A very special story
School on Wheels Museum tells of dedication of Sloman family
There are children who move around a lot in their childhood because of their parents work but few can match Toby Sloman Rainey and her family. Not only did the Sloman children split their year between summer vacations in Clinton and school years in Northern Ontario, but they relocated each week as the school car they lived in was dropped off at a different isolated siding along the rail line to educate children from another wilderness community.
Visitors to the museum (it’s open 11 a.m. to 4 p.m. Thursdays to Sundays plus holidays beginning May 16) can glimpse how the Sloman family lived in one end of the converted railway car while the other end provided room for Fred Sloman to teach the children of northern families who wouldn’t have received an education otherwise.
Built in 1914, the railcar is one of two cars which were used for the travelling school. It was also one of the last wooden passenger cars built by the Crossen Car Manufacturing Company in Cobourg, as wood went out of style, replaced by steel. The car was originally intended to transport European colonists to Western Canada, and was even used as a hospital car for the first few months after it was built.
This is actually the second of the school cars used by Fred Sloman and his wife, Cela, both of whom grew up in Clinton. The first car they used was a coach car, which functioned as the school for 14 years but by 1940 the original school car was too crowded for both the students and the Sloman family, which now included five children. The car now on display in Clinton was refitted for their use.
The railway school cars were part of an experiment between the Ontario Department of Education and the Canadian National and Canadian Pacific Railroads. In the case of the Slomans’ school car, each week, a CN Rail “wayfreight” train moved the school car to specially-built sidings between Capreol and Folyet, where it would remain for five days or so. Pupils would then be left with enough homework to last until their school returned to them from a full tour of its 149-mile (240 km) schoolyard. More than 1,000 children graduated from this unique school, including Fred and Cela Sloman's own five children.
Fred Sloman was inspired to teach in the North after an encounter with a wounded northern Ontario soldier at a British hospital during WWI. The soldier was unable to write letters home, because he had never been to school, and therefore never learned how to write.
Teaching in a regular school, however, wasn’t the answer that Fred was looking for. There were other children out there he felt needed this education more, and by taking the job on the school car, he found a way to bring it to them.
The Slomans taught a wide range of subjects, including everyday life skills such as how to order from a catalogue and the basics of agriculture, starting with where their food came from. Cela devoted much time to passing on her knowledge and experience to the women by teaching dressmaking skills, how to garden in Northern Ontario, and a lot about child care.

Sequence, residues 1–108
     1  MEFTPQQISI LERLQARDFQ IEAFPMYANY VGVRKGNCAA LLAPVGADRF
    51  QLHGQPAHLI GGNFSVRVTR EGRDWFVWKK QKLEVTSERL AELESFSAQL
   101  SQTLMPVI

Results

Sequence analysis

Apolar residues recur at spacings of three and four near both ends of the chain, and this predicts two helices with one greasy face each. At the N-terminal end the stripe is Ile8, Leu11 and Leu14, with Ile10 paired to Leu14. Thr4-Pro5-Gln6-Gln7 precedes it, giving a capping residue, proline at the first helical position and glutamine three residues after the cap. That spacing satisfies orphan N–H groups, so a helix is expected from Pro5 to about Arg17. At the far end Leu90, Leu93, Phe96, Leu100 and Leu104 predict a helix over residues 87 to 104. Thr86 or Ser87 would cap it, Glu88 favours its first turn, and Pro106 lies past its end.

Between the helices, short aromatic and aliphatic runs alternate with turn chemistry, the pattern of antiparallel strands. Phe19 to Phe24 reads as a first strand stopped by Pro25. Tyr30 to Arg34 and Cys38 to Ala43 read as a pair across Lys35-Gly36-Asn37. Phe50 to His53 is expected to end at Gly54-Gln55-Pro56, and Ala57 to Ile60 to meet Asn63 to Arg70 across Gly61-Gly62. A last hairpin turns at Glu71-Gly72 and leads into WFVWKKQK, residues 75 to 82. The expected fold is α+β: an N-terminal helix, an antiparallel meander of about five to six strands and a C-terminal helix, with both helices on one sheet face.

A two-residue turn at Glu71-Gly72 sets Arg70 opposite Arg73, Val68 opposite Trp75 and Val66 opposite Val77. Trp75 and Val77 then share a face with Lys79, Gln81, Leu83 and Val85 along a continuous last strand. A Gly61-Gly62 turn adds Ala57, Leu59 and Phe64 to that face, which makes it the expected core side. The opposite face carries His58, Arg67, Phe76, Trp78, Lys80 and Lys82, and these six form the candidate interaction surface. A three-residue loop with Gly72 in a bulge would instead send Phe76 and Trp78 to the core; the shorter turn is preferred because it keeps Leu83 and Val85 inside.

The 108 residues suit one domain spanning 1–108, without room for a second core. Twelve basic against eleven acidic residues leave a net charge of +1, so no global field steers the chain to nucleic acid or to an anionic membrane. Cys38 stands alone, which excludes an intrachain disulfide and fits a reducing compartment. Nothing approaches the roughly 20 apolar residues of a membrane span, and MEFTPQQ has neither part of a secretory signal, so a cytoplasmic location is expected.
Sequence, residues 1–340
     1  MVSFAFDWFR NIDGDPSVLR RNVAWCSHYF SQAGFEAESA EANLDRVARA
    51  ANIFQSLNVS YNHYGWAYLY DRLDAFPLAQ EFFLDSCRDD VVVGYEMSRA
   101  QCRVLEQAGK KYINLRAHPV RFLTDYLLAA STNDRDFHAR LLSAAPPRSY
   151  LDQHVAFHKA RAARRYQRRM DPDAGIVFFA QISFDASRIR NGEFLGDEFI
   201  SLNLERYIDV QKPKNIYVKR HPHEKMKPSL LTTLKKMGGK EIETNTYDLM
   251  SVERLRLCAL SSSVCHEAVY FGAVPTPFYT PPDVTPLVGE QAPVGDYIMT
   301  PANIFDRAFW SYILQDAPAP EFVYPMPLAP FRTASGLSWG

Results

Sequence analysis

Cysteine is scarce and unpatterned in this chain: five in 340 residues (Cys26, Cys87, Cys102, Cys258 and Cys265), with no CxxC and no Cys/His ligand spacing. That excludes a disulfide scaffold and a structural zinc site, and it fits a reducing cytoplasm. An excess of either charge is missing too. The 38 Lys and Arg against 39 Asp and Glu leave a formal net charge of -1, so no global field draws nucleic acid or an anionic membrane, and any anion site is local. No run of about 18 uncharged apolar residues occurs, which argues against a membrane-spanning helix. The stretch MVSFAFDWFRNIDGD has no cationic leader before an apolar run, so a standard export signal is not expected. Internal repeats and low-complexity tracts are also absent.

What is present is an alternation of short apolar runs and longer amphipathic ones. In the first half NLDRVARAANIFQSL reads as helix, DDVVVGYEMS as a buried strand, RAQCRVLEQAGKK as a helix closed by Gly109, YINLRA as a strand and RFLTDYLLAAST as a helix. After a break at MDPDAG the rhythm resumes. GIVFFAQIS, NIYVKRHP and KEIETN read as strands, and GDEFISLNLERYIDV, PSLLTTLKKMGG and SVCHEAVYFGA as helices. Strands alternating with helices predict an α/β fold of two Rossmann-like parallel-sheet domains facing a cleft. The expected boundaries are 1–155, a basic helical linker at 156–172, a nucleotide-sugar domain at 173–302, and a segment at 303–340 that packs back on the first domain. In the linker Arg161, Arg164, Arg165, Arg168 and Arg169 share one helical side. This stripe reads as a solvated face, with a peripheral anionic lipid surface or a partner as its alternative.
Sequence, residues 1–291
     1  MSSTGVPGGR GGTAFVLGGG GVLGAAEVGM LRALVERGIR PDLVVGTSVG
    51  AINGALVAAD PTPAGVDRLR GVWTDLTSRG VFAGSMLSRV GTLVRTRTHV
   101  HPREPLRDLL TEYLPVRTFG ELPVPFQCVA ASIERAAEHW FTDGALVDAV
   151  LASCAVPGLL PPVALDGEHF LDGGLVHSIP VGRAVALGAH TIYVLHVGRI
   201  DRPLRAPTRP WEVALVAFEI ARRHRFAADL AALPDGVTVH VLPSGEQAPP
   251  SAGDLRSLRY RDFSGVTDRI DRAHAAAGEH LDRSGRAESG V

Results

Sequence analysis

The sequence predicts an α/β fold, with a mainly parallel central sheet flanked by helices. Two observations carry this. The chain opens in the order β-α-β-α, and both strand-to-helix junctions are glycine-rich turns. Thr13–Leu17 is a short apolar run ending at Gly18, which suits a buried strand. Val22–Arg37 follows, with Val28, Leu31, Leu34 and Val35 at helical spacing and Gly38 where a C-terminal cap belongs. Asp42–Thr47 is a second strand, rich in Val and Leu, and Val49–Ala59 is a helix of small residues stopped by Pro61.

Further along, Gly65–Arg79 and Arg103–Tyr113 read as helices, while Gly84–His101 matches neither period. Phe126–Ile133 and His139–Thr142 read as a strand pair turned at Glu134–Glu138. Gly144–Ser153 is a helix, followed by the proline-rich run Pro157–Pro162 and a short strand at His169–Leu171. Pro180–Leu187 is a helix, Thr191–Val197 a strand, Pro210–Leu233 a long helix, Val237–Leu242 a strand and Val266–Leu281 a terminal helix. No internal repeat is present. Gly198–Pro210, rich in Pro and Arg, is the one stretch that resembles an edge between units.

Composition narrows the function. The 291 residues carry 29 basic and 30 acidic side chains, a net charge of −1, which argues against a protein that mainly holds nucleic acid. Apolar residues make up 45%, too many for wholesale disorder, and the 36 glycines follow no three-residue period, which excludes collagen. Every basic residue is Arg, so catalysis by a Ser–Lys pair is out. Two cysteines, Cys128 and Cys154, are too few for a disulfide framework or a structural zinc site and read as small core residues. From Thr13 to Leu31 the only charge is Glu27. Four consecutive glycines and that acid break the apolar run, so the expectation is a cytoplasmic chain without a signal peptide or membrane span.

This was not the kind of school where just anyone could teach. The fact that it was a mobile school created a number of challenges in and of itself, but for the actual teaching, they were dealing with children of all different ages who, more often than not, had never attended a day of school in their life.
The Slomans continued to teach until they retired in 1965, two years before the end of the school car program in 1967. Fred passed away in 1973 at the age of 78, having spent only two years in retirement before suffering a stroke, after which he spent his remaining years in a hospital bed.
His unbridled passion for teaching and his dedication to ensuring that no child was ever left behind so long as he could reach them, earned him recognition in the Heroes of the Canadian Railway Hall of Fame in 2003.
Cela Sloman was named a Member of the Order of Canada in 1984.
After the cancelation of the program, the railcar then seemed to vanish from the face of the earth. It wasn’t until 1982 that the car was found by William Stephenson, a long-time friend of the Slomans, who immediately recognized the car number from a list of railcars for sale in a Canadian National rail yard in Toronto.
When Cela Sloman and her daughter, Margaret, received word that the car had been found, they didn’t hesitate to go and see it with their own eyes.
They put in a request that the car be bought by the Town of Clinton, where Margaret continues to live until this day, and their request was approved. It required some repairs before it could be physically moved from Toronto, but it eventually found its way to Clinton, at which time volunteers from the community set to work restoring the car.
Finally able to rest its weary axles after so many years of travelling the tracks, the school continues to educate children and adults alike as people travel from all over to see the railcar and uncover the history of one of humankind’s more scenic modes of transportation.